Two features that will excite Core builders are the ZDF (zero delay filter) and envelope toolkits, providing elements to more easily create your own filters and envelopes. If filter design is not your thing, the reorganized and repopulated library of core macros is stuffed with ready made oscillators, filters and effects begging to be Frankensteined together.
Reaktor now includes an event watcher debugging tool, based on a macro originally developed by Reaktor user Chris List which I’ve used often in the past when designing new instruments. This is a super handy tool for anyone who needs to wrangle Reaktor events and is wondering why things aren’t working as planned. There’s also a comprehensive MIDI monitor, redesigned scope and a 2048 band spectrum analyzer with A and B inputs whose signals can be compared, added and subtracted.
My goodness, what ISN’T in this release?
It’s not all cake and ice cream, sadly. I’m disappointed that some features and fixes were passed over.
- Abstractions: Reaktor needs a class / object hierarchy in its macros, so that modifying a macro doesn’t require editing or replacing every copy that’s hardcoded throughout an ensemble. My wrist is aching just thinking about it.
- Scripting: some programming chores are clearer and simpler in a textual language. Kontakt has KSP; Reaktor deserves some RSP.
- Sampler bugfixes: the primary level grain cloud sampler has a bug involving detection of sample length. I’ve had to code workarounds for years. The table framework is the new hotness, but there are hundreds of great sampling ensembles in the user library that were built with the primary sampling modules, and they could use a little love.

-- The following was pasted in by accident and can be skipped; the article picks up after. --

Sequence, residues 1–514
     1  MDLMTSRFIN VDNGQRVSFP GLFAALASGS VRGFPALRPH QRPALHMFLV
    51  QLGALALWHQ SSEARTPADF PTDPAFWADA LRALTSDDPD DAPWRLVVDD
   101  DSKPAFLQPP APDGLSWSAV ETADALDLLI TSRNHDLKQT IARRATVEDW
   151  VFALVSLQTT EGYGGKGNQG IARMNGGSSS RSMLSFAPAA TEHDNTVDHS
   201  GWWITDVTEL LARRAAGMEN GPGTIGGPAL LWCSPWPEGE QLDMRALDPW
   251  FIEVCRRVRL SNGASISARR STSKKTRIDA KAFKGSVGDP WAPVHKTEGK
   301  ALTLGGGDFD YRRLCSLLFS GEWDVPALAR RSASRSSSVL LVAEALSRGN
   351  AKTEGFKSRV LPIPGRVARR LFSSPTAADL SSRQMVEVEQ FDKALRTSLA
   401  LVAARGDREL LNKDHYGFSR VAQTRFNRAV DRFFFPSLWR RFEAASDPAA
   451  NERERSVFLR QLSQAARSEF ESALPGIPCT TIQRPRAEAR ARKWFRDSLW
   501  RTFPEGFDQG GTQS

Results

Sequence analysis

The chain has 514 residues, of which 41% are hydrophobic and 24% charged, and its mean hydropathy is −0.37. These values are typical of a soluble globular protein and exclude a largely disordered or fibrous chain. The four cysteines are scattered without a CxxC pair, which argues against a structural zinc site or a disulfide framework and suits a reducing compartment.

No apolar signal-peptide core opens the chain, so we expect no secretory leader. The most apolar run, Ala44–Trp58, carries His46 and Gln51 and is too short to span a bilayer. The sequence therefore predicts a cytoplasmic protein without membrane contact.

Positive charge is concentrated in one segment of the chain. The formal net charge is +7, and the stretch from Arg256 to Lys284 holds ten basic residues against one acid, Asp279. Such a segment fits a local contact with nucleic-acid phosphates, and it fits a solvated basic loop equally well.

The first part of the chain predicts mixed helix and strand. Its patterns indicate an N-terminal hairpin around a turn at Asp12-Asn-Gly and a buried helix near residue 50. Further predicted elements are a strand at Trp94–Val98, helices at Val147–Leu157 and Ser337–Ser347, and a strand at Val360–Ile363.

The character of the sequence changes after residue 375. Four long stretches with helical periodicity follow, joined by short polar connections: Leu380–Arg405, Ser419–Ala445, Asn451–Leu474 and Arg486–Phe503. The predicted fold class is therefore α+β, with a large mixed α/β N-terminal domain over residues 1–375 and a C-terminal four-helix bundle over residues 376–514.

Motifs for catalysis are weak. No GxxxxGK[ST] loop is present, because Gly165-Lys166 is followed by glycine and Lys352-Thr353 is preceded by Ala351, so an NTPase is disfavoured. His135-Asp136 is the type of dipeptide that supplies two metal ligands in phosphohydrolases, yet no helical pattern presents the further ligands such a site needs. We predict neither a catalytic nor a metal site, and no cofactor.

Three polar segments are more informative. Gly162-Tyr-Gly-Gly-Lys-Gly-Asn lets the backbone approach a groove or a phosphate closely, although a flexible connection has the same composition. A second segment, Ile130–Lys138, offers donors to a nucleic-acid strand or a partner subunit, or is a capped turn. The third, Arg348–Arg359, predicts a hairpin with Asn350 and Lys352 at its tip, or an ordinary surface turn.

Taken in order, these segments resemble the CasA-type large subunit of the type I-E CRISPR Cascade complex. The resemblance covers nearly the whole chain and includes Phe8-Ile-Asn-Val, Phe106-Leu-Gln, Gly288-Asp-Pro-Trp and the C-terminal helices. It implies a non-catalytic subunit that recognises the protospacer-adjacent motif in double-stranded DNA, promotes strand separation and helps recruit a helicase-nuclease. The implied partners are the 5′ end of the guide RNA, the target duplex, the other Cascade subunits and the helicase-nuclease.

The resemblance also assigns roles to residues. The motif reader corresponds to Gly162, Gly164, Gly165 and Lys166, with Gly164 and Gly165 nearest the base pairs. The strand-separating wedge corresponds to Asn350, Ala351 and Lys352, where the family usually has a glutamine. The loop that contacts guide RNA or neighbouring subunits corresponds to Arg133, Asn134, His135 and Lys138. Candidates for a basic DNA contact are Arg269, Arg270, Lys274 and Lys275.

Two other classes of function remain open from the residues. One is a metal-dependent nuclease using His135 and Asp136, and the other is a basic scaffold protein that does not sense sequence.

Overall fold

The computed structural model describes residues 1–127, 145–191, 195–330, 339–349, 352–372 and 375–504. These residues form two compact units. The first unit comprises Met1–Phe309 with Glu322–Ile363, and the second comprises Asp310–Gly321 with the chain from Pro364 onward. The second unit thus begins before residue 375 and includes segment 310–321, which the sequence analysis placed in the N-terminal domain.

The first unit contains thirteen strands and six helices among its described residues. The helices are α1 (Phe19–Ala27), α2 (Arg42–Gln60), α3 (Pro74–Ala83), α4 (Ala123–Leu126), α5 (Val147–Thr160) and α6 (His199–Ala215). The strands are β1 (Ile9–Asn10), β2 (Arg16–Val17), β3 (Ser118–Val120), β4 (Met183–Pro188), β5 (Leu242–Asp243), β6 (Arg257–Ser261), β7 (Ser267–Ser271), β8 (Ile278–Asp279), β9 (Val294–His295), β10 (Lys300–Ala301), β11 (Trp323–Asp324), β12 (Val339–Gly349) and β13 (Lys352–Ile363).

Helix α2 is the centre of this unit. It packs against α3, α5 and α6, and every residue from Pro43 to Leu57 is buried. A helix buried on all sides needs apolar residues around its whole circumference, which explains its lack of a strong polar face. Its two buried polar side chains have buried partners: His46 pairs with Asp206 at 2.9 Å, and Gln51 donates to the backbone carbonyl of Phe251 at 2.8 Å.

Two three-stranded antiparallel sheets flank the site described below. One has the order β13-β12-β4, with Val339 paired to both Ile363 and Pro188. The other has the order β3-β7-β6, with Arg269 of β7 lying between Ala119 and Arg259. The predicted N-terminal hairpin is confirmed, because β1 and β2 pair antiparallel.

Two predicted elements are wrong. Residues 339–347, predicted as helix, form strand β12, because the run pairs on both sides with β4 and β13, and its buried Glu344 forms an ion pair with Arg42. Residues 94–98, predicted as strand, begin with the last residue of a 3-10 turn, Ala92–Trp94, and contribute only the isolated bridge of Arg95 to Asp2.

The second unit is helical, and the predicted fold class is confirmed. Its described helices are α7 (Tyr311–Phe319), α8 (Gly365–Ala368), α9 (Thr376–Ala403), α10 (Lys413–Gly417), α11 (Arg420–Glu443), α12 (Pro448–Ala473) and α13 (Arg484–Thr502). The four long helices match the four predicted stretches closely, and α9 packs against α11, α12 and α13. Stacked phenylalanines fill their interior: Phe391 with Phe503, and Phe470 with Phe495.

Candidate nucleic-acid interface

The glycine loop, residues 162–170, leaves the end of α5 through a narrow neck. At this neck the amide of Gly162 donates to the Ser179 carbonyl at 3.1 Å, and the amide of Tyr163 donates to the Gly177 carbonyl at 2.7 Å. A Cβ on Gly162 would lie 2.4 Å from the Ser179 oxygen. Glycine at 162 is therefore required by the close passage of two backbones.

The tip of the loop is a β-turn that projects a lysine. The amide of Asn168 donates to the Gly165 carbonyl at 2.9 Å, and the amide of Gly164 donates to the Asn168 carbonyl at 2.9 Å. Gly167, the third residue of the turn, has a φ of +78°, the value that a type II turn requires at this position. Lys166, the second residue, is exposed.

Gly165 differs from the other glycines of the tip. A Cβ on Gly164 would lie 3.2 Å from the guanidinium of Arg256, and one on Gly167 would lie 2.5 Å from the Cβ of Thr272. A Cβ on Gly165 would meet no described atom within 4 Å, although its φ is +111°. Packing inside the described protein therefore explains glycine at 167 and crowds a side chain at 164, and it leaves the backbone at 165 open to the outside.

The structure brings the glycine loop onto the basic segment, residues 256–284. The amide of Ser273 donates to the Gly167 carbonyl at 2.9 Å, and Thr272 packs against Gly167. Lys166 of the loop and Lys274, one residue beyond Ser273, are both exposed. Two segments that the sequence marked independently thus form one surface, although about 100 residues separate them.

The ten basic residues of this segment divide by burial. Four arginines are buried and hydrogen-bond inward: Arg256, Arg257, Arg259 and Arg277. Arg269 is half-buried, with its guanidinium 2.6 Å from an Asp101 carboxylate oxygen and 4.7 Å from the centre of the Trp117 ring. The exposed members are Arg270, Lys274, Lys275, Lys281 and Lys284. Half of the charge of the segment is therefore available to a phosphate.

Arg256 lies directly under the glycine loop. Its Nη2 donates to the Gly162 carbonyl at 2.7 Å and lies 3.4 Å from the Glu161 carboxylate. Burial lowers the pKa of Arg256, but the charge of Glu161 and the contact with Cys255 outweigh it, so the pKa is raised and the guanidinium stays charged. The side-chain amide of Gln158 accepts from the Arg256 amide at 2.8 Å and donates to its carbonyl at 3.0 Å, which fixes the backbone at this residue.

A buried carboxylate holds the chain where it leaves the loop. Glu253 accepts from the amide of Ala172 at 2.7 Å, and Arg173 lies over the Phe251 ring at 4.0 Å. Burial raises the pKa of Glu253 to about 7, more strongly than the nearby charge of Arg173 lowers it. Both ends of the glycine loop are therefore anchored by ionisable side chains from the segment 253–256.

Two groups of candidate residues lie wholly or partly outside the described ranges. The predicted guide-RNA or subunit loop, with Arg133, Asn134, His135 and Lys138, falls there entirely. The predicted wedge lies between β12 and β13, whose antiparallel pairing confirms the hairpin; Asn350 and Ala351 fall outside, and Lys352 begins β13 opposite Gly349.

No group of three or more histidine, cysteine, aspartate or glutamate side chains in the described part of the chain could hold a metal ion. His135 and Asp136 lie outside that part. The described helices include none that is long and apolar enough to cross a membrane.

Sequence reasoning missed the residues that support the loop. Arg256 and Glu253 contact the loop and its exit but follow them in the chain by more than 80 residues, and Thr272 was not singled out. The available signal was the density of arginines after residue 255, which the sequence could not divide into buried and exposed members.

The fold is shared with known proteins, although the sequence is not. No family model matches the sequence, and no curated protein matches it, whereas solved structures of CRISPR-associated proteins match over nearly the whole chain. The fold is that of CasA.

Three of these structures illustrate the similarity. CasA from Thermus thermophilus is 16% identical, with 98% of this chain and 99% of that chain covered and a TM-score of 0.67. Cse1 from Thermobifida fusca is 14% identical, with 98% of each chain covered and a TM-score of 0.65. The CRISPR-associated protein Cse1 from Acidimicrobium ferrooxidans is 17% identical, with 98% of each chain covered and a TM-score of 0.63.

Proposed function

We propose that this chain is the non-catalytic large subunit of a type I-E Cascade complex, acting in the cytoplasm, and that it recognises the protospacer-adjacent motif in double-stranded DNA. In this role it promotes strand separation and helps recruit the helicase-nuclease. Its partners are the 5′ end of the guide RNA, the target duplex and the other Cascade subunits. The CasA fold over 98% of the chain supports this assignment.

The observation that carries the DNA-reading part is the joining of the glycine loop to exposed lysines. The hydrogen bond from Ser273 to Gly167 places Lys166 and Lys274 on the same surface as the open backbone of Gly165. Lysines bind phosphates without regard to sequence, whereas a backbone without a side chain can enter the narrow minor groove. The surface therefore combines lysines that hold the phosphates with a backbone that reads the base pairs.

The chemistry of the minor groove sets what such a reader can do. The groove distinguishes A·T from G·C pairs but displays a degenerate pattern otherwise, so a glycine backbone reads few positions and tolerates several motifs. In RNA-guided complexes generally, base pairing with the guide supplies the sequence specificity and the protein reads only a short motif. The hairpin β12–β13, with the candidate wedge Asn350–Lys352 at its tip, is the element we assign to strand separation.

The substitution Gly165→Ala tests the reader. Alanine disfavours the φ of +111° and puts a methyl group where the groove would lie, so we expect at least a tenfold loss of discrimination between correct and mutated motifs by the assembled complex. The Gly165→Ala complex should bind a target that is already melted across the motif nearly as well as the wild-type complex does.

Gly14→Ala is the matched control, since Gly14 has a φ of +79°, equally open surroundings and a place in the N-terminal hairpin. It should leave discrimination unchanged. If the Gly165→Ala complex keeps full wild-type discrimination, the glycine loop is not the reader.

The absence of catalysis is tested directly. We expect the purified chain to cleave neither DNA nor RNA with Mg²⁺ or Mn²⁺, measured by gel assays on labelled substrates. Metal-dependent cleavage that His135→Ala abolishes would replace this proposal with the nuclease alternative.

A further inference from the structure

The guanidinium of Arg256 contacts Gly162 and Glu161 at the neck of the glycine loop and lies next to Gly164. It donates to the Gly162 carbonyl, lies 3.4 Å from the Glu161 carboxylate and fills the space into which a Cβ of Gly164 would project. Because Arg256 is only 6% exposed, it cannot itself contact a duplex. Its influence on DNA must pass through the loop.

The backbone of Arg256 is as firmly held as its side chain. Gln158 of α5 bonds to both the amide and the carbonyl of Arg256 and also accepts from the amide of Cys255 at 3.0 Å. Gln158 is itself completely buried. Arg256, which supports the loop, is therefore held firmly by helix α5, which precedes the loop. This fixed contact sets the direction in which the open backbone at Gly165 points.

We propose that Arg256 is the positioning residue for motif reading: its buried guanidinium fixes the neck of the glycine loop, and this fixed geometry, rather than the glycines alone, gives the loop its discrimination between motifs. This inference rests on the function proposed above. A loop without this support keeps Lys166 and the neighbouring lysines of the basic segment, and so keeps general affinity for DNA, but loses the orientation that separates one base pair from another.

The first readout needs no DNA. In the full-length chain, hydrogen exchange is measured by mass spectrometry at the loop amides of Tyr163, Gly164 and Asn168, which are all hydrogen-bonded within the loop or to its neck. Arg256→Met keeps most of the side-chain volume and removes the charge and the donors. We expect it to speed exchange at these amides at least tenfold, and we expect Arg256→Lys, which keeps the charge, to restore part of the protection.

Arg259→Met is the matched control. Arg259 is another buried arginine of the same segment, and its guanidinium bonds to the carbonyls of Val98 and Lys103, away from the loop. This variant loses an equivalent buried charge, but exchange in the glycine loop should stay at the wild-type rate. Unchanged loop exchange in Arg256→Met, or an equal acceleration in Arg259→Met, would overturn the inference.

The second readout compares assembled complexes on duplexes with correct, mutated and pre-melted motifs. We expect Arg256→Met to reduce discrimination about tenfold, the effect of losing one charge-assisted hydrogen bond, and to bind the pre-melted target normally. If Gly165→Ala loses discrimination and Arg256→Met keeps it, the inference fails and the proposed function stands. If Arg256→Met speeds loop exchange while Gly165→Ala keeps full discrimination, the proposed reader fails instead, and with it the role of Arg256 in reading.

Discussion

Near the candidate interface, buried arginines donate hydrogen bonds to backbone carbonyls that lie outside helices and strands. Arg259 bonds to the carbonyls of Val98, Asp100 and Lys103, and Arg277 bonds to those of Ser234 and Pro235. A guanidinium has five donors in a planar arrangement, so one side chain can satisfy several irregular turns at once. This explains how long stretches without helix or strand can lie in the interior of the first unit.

- MIDI out tightness: Reaktor’s MIDI out timing has jitter proportional to the audio buffer size, and this can be noticeable when driving external hardware and software.
- Multi-core support: would have been sweet, especially for running standalone, but I can imagine this would be a nightmare for NI to implement in the infinitely flexible Reaktor engine, if it’s even feasible. Maybe someday. I’d rather see abstractions and scripting first.
Putting aside the gripes, though, this is a solid Reaktor update, and I expect to see people building tremendous new ensembles with the table framework and Core additions, as well as quickly learning to make music with Blocks – whose ease of mix and match patching will probably attract a new population of users, and perhaps lure them into diving deeper.
I love Reaktor, I’m passionate about it, and NI’s dedication to keeping it fresh means that my love affair can continue. Between that and the new features, I’m very happy to see this new release.
What do you think? Do the improvements and additions outweigh the gripes?
More Info on Reaktor 6 from Native Instruments, inlcuding upgrade pricing